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January 16, 2020

“After my son Josh’s freshman year of college, I suspected something was going on, so I told him that I wanted him to have a drug test before I would pay for any more schooling. That’s when it all came out because he wasn’t willing to take the test. We had already told our kids that if they were using drugs or alcohol, they couldn’t live in our house; we kicked Josh out five or six times. But whenever he wanted to get help or get clean, I would go and get him from wherever he was and take him to rehab. He called me and asked to come home for Easter, but he wasn’t clean. I told him he could come for the weekend, but he would have to serve during Easter services with his mom. He served in the parking lot and everything went well, but then he came home and got high.

“Josh said he didn’t have anywhere to go because drug dealers were looking for him and his friends had abandoned him, so I took him to a homeless shelter in downtown Dallas. The drive to Dallas was the longest 45 minutes of my life. But after six rehab stays and multiple second chances, it was his only option. As he got out of my truck, I told him I loved him. My shirt was soaked with tears because I feared I would never see him again.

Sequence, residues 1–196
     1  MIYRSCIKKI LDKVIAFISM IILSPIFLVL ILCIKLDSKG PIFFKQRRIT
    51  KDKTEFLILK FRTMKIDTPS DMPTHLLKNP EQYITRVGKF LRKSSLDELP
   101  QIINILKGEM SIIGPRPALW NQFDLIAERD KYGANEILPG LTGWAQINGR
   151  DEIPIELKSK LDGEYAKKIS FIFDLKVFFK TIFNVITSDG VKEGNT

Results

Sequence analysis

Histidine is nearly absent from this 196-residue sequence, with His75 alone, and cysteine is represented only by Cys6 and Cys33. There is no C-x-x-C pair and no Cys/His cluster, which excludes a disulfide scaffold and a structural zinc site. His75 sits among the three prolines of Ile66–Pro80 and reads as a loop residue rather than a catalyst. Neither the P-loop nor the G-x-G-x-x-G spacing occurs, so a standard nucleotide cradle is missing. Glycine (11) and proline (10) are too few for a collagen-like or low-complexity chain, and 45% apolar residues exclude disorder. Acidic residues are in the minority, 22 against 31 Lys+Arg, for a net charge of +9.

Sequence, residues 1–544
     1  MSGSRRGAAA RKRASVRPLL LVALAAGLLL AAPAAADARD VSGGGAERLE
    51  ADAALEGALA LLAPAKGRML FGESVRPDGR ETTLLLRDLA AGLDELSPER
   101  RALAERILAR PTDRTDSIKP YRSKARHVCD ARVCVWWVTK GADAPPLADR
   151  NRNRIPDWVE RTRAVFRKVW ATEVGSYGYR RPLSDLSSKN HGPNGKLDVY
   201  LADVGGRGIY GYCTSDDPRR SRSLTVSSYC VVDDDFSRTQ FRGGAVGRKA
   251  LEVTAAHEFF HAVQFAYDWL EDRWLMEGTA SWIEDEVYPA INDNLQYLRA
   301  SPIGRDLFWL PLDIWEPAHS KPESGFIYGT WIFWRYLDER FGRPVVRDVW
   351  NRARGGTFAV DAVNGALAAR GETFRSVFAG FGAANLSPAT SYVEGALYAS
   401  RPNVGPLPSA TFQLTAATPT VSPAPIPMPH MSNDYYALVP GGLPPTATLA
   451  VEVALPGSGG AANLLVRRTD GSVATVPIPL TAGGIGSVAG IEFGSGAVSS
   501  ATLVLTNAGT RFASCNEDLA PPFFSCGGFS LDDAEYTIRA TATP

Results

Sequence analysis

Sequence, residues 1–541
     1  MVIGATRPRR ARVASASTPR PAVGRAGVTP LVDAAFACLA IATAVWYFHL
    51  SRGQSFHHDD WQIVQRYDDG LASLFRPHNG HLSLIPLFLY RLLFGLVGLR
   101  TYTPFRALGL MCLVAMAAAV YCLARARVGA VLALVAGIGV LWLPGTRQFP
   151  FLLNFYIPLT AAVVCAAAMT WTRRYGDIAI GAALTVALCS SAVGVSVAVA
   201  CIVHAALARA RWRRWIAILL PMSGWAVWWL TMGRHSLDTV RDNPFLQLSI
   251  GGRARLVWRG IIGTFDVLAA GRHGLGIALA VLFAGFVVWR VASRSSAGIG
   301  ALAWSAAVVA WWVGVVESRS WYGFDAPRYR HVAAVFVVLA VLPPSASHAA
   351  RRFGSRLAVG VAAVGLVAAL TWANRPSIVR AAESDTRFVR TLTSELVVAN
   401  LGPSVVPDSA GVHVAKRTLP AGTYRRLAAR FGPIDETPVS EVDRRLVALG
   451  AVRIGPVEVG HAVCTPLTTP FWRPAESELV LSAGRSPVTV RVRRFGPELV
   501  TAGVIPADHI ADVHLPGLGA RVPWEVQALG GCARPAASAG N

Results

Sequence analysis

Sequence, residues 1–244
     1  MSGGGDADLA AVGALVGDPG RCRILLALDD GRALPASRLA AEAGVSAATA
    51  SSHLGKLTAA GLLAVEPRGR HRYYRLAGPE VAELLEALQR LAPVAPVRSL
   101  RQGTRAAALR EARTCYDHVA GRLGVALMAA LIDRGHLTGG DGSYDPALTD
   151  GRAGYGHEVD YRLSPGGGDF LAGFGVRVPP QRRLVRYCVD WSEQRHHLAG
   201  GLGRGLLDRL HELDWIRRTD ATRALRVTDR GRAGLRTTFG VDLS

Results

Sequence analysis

“A week later, Josh left the shelter and texted me that he was sorry for the trouble he had caused his mom and me and that he was going to end his life. We couldn’t reach him, so I thought he had succeeded. I spent the next several days checking the morgues in our area looking for his body. Then I received a call from a psychiatric ward—it was Josh. He said, ‘Dad, I’m ticked; I can’t even kill myself!’ I said, ‘I believe God has something for you to do. He’s not done with you yet!’ After an orderly at the psych ward told him he was just like the prodigal son, Josh left the psych ward, got clean, and went to a sober house. There, he became passionate about helping others get clean, got serious about his relationship with God, and began to share his story. He has been clean ever since!

“The only way we made it through this was because of our small group. They prayed with us and prayed for Josh for seven or eight years. May 2020 will mark nine years of sobriety for Josh, and he is now the CEO of an addiction recovery center, helping those struggling with addiction. God is using him in an unbelievable way—he’s touching lives every day. So, parents, please know there is still hope. And never give up!”

Pastor Lamar Slay and his wife, Cindy, attend the Dallas Campus.